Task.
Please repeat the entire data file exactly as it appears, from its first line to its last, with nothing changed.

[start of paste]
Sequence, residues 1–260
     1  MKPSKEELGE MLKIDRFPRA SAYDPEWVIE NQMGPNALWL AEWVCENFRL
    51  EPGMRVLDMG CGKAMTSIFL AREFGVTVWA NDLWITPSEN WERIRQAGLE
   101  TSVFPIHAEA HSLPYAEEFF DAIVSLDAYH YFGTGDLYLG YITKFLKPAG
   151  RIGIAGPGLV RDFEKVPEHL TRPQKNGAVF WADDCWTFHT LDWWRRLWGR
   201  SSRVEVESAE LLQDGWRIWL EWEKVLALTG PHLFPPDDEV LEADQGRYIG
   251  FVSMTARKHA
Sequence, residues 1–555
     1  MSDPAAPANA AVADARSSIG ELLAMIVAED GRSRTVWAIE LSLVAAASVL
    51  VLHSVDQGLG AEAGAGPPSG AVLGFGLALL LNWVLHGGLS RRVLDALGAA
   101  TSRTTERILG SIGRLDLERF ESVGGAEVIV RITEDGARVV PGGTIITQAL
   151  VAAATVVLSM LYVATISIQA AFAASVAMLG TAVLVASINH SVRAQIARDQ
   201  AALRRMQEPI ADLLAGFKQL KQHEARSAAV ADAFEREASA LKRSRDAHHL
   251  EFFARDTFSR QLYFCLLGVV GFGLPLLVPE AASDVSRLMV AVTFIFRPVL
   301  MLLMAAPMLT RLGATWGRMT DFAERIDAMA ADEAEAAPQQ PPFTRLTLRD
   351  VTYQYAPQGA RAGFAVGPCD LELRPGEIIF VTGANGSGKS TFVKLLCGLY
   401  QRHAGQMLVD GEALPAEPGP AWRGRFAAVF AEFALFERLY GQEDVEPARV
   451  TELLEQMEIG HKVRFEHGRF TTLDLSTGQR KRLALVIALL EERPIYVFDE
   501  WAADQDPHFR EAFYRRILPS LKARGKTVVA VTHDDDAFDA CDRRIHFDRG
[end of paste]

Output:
Sequence, residues 1–260
     1  MKPSKEELGE MLKIDRFPRA SAYDPEWVIE NQMGPNALWL AEWVCENFRL
    51  EPGMRVLDMG CGKAMTSIFL AREFGVTVWA NDLWITPSEN WERIRQAGLE
   101  TSVFPIHAEA HSLPYAEEFF DAIVSLDAYH YFGTGDLYLG YITKFLKPAG
   151  RIGIAGPGLV RDFEKVPEHL TRPQKNGAVF WADDCWTFHT LDWWRRLWGR
   201  SSRVEVESAE LLQDGWRIWL EWEKVLALTG PHLFPPDDEV LEADQGRYIG
   251  FVSMTARKHA
Sequence, residues 1–555
     1  MSDPAAPANA AVADARSSIG ELLAMIVAED GRSRTVWAIE LSLVAAASVL
    51  VLHSVDQGLG AEAGAGPPSG AVLGFGLALL LNWVLHGGLS RRVLDALGAA
   101  TSRTTERILG SIGRLDLERF ESVGGAEVIV RITEDGARVV PGGTIITQAL
   151  VAAATVVLSM LYVATISIQA AFAASVAMLG TAVLVASINH SVRAQIARDQ
   201  AALRRMQEPI ADLLAGFKQL KQHEARSAAV ADAFEREASA LKRSRDAHHL
   251  EFFARDTFSR QLYFCLLGVV GFGLPLLVPE AASDVSRLMV AVTFIFRPVL
   301  MLLMAAPMLT RLGATWGRMT DFAERIDAMA ADEAEAAPQQ PPFTRLTLRD
   351  VTYQYAPQGA RAGFAVGPCD LELRPGEIIF VTGANGSGKS TFVKLLCGLY
   401  QRHAGQMLVD GEALPAEPGP AWRGRFAAVF AEFALFERLY GQEDVEPARV
   451  TELLEQMEIG HKVRFEHGRF TTLDLSTGQR KRLALVIALL EERPIYVFDE
   501  WAADQDPHFR EAFYRRILPS LKARGKTVVA VTHDDDAFDA CDRRIHFDRG